The year 1603 saw the publication of the first printed edition of Hamlet. Now known as the “Bad Quarto,” only two copies survive. In 2015, The Virginia Arts of the Book Center created a collaborative artist’s book titled The Bad Quarto, using facsimiles of the copy from the British Library. Four teams of artists participated. They were assigned pages from the original and given the following constraints: only words from the original page could appear, although they could be re-arranged; and the only colors that could be used were red, black, white, and silver.
In 2016, Chicago bookbinder Samuel Feinstein created a bespoke binding for the copy of The Bad Quarto now at the Newberry. The binding is goatskin, with red and black onlays, and tooled in 23K gold and palladium. In the notes for his design, Feinstein explains that the text and limited color scheme of the artist’s book contributed to his design for the binding, as did the many disparities between the original 1603 quarto and the Hamlet that we now know. Feinstein explored the idea of limitations through the use of line, with the vertical lines in palladium and the horizontal lines in gold. The lines within the curved ornaments (an abstract allusion to a prince’s crown) are based on the same design, but are all different, emphasizing the fragmentation within the play itself, as well as the collaborative nature of the artist’s book.
The Cranach Press Hamlet
In 1912, Count Harry Graf Kessler commissioned Edward Gordon Craig, the English actor, director, set designer, and wood engraver to produce illustrations for an edition of Hamlet. Craig’s blue paper contract with Kessler is shown here. Hamlet was a play that Craig knew well; he had designed a minimalist set for the now legendary 1911-12 production of the play at the Moscow Art Theatre. Craig believed that theater could be reduced to form, light, and movement, and he translated these principles into his illustrations. The book took more than a dozen years to complete.
Craig sent Kessler a number of sketches. In July 1913, he wrote to Kessler from Florence, proposing a design for a page in ink. In 1927, Craig wrote from Genoa, providing a sketch in addition to suggested texts that Kessler could use in the margins of the book surrounding Shakespeare’s play text. Kessler ultimately chose the Historia Danica of Saxo Grammaticus, a 12th-century chronicler, whose work was first published in France in the 16th century. The story of Hamlet, or Amlethus, is contained in the work, and the French version may have been known to both Thomas Kyd, the possible author of the text now known as Ur-Hamlet, and Shakespeare.
Kessler selected John Dover Wilson to edit the English edition of the book. Dover Wilson was a professor at King’s College, London, and the chief editor of the New Cambridge edition of Shakespeare’s plays; his 1935 book, What Happens in Hamlet, is a classic work of Shakespeare criticism.
In March 1930, the calligrapher and type designer Edward Johnston (1872-1944) wrote to Kessler to congratulate him on the English edition of the book. He writes, “The Hamlet is a really noble book. It will I believe form a ‘milestone’—as they say in the history of printing, and you and all those associated with you in the production of this monumental work are to be congratulated.” In June of that same year, Johnston wrote again to Kessler, telling him, “I took up my precious Hamlet, partly to encourage my students…& partly to show the keeper of the library at the Victoria & Albert Museum, as I want him to get a copy if possible (I am so afraid of the edition being all snapped up by Americans, & my own country perhaps not having any copies in our national collections).”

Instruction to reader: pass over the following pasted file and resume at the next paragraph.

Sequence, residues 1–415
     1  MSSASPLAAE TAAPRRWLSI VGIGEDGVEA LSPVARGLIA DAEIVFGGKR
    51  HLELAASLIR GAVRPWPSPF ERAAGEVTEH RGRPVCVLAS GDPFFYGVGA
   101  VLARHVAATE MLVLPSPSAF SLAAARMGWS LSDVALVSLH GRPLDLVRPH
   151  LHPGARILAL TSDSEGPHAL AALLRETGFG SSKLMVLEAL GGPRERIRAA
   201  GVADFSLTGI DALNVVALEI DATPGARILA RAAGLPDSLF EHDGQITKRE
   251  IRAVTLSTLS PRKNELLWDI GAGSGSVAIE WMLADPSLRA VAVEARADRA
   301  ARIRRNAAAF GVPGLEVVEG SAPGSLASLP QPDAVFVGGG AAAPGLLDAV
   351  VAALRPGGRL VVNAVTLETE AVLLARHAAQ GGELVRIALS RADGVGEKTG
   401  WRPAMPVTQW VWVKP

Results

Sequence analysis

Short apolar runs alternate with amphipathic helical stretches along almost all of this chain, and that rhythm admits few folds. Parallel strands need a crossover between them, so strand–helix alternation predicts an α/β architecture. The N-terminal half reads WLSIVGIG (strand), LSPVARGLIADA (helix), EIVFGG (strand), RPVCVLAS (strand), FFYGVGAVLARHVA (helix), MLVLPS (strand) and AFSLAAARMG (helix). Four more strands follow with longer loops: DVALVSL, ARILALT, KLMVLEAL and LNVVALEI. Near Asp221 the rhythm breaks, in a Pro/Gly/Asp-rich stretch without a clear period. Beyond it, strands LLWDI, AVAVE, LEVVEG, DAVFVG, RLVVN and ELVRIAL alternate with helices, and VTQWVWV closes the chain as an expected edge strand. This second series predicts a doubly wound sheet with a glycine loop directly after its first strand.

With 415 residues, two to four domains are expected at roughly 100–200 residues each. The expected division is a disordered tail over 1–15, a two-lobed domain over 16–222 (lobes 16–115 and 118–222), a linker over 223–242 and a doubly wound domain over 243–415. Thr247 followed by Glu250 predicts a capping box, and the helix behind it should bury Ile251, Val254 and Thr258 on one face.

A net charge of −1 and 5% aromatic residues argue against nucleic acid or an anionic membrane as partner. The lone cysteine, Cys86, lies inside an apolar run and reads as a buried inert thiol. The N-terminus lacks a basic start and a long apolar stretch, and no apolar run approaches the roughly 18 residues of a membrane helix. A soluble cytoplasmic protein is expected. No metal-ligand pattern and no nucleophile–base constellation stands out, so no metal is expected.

Johnston’s instincts were right: the Cranach Press Hamlet is considered a landmark of 20th-century book design and printing.
Hamlet! One Night Only!
Theaters rarely featured a run of a single play. Instead, each night included a different combination of performances, interspersing plays, music, and dancing. This practice allowed actors and actresses to cycle through the plays in their repertoire and encouraged patrons to return many times to see their favorites in different roles. Theaters advertised performances with broadside playbills, often featuring eye-catching type, which could be pasted up in various locations.
Hamlet in the 20th Century
The Theatre Guild on the Air was created to bring Broadway theater to radio with leading actors in major productions. Sponsored by the United States Steel Corporation, it premiered September 9, 1945, and within a year the series drew some 10 to 12 million listeners each week. The program was broadcast for eight years before it became a television series.
In 1951, the Theatre Guild on the Air broadcast a performance of Hamlet, starring John Gielgud as Hamlet, with Dorothy McGuire as Ophelia. Gielgud was already renowned in the role of Hamlet, first performing it when he was 25 years old. Initially emphasizing the character’s youthful changeability and mercurial speed of thought, as he returned to the role over the years, his Hamlet became more thoughtful and romantic. The production was a combination of Shakespeare’s play and Charles and Mary Lamb’s 19th-century prose adaption of it, which proved very helpful for explicating the action for listeners. The pages from the script reproduced here bear further notes and amendments by the director, Homer Fickett.
Read Magazine was also designed for classroom use. In 1964 (the 400th anniversary of Shakespeare’s birth), it devoted an entire issue to Shakespeare silliness, including games, fake advice columns (with letters sent in by characters from the plays), and this feature, “To Beatle or not to Beatle,” which celebrates the most recent British stars alongside a centuries-old one.
In 2016, the Newberry worked with students from Chicago High School for the Arts to record a Hamlet mash-up. With this recording, we're adding one more link to the chain of interpretive creativity inspired by Shakespeare.
View more Hamlet material in our Image Gallery
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This page references:
- “The Bachelor’s Soliloquy”
- The Bad Quarto
- Letter in ink from Edward Gordon Craig to Harry Kessler. Florence, Italy
- Mr. William Shakespear’s Comedies, Histories, and Tragedies
- The Tragedy Of Hamlet Prince of Denmark
- Binding the "Bad Quarto"
- Edward Gordon Craig. Pencil sketch on blue paper. Paris
- The Tragedy of Hamlet, Prince of Denmark
- "Speak the Speech" mashup with Chicago High School for the Arts
- Eight Wood Engravings For Hamlet
- Tales From Shakespear: Designed for The Use Of Young Persons
- Poli Arctici Et Circumiacentium Terrarum Descriptio Novissima
- Contract Edward Gordon Craig illustrations for the Cranach Press Hamlet
- The Life And Opinions Of Tristram Shandy, Gentleman
- Eight Wood Engravings For Hamlet
- Mr. Young’s Farewell Visit to Liverpool...When will be performed Shakspeare's Tragedy of Hamlet
- Poli Arctici Et Circumiacentium Terrarum Descriptio Novissima
- “To Beatle or not to Beatle”
- Classics Illustrated no. 99: Hamlet
Tales From Shakspere: Hamlet. Rendered In Phonography
- The Spanish Tragedy